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SK Hynix Foresees Rebound in Memory Semiconductor Industry

Despite a challenging market environment, the company anticipates recovery as inventory decreases and demand for DDR5 and ChatGPT-related chips grows.

After a nearly year-long slump in the memory semiconductor industry, SK Hynix has hinted at the possibility of a ‘first quarter = bottom’ scenario for the first time in the sector. After suffering losses amounting to trillions of won for two consecutive quarters, the company now forecasts a rebound in the industry starting in the second quarter. This anticipated upturn can be attributed to favorable factors such as reduced inventory due to production cuts by the three memory companies and increased demand for DDR5 and ChatGPT-related chips. It is significant that one of the three memory semiconductor companies, rather than a securities company or market research firm, has suggested the possibility of a bottom.

During a conference call held after announcing its Q1 results on April 26, SK Hynix stated, “The memory market environment is still difficult, but it seems to be passing the bottom.” This is the first instance of the memory industry formalizing the expression “passing the bottom”. Previously, stock houses and market research companies had only mentioned that “market conditions will improve as the second half progresses”, but there was no explicit reference to ‘first quarter = bottom’. Last month, Micron also commented on the outlook for this year’s business conditions, stating a gradual improvement, but with operating margin and cash flow remaining significantly negative throughout this year.

SK Hynix’s mention of ‘first quarter = bottom’ is noteworthy because it comes amidst significant deterioration in the industry. The company’s Q1 loss amounted to KRW 3,402.3 billion ($2.55 billion), marking the largest quarterly loss since its incorporation into the SK Group. Including the deficit in Q4 of last year (KRW 1,898.4 billion or $1.42 billion), the total loss over two quarters exceeds KRW 5 trillion ($3.75 billion).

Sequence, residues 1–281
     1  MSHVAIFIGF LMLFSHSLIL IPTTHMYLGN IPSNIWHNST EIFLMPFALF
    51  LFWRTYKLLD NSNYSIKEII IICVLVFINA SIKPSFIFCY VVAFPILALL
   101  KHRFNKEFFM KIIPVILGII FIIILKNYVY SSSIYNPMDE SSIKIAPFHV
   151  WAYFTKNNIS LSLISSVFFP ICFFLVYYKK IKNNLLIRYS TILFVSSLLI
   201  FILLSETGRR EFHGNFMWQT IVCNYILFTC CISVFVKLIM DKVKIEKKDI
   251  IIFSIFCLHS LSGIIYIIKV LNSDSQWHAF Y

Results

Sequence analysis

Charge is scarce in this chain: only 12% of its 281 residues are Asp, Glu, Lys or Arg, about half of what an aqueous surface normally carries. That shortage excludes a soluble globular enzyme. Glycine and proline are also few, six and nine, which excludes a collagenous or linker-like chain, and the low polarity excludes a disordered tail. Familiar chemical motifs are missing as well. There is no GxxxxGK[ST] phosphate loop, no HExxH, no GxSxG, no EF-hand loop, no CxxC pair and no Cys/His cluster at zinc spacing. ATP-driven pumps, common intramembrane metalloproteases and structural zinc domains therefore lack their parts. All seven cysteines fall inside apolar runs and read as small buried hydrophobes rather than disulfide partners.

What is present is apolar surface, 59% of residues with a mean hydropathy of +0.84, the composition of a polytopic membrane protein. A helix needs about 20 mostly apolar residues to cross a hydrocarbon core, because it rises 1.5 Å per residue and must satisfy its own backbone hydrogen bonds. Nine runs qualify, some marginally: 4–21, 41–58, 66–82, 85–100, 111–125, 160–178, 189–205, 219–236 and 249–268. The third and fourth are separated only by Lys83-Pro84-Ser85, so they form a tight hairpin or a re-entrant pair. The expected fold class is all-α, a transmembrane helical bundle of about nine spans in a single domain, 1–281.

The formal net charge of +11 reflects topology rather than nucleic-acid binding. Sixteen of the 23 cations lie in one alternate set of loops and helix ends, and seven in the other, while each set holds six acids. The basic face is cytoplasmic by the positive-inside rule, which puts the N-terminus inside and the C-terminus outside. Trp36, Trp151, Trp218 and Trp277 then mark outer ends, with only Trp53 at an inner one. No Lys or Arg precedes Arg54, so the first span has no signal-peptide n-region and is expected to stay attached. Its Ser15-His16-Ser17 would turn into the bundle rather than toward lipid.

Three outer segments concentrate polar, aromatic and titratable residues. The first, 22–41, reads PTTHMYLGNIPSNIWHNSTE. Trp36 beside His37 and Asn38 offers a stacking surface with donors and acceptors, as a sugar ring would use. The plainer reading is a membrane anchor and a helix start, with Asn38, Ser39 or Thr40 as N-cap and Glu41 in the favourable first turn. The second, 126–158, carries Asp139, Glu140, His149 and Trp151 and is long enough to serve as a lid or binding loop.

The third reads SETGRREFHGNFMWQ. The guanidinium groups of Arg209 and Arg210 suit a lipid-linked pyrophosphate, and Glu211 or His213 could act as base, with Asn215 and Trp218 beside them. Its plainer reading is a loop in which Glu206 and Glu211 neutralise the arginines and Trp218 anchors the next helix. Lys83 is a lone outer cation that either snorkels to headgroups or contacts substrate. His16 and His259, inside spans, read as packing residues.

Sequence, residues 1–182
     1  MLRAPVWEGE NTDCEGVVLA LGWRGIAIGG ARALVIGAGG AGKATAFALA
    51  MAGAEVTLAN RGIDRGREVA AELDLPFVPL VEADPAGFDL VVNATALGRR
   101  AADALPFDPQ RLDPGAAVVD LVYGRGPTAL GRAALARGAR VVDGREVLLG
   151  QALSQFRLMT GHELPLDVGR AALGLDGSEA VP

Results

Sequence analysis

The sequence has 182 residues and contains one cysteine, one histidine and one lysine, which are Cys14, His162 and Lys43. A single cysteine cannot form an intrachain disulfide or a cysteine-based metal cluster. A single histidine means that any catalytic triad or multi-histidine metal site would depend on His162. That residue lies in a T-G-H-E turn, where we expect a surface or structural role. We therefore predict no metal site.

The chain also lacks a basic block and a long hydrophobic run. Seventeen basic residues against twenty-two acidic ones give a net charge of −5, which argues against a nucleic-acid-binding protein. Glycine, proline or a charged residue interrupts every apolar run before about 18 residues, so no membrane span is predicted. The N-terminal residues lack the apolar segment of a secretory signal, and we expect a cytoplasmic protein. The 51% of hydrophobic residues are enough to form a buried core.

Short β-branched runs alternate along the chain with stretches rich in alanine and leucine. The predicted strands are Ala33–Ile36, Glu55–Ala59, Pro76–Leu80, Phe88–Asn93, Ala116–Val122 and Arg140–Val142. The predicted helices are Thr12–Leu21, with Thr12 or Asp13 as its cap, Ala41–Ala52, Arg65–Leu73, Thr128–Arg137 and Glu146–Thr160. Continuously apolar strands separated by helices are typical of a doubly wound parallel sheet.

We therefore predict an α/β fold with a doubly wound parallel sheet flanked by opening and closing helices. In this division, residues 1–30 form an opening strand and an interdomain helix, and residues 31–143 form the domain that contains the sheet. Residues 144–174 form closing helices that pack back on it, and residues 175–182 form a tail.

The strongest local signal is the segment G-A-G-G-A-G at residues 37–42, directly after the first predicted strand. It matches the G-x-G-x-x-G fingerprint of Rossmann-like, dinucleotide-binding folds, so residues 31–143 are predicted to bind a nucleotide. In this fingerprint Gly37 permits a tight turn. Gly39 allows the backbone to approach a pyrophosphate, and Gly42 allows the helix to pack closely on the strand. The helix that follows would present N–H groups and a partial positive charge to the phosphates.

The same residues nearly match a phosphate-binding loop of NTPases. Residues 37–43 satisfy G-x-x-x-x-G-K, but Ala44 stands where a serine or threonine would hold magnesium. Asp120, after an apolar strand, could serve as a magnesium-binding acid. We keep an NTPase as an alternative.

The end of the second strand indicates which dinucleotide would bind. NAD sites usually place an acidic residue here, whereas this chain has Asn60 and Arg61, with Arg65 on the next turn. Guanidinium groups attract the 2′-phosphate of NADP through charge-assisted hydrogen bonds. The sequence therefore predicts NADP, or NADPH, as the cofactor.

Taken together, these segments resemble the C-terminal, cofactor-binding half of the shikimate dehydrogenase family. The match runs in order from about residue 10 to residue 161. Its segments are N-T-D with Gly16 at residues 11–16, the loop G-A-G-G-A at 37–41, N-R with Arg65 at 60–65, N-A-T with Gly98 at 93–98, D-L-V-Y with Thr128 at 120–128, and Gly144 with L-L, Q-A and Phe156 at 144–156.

However, SK Hynix highlighted several ‘points of rebound’ during the conference call. Firstly, in terms of inventory, Q1 inventories reached KRW 17.182 trillion ($12.89 billion), up 9.7% from KRW 15.665 trillion ($11.75 billion) in the previous quarter. The company plans to address the increased inventory by adjusting wafer input flexibly, primarily for products with a high inventory. SK Hynix predicts that starting in the second quarter, the impact of production cuts by major companies will begin to emerge in earnest, and inventory levels across the industry will gradually decline. It also anticipates that stocks will peak in the first half of the year.

Secondly, concerning price, SK Hynix reported that the decline in DRAM ASP (Average Selling Price) in Q1 was in the upper 10% range. Although still significant, the decline has slowed compared to the previous quarter (Q4 2022). NAND flash ASP fell about 10% in Q1. SK Hynix expects that as overall inventory decreases and production cuts are implemented from Q2, memory usage will increase according to price elasticity. While a sharp price increase in Q2 is not anticipated, the price decline is expected to slow significantly.

The company also noted differences in demand forecasts for each product. Desktop PC shipments are projected to exhibit negative growth this year, following last year. However, laptops and tablets will offset the decline in PC shipments, thereby increasing memory demand. Though meaningful growth in the mobile sector is unlikely, there are signs of increasing memory demand.

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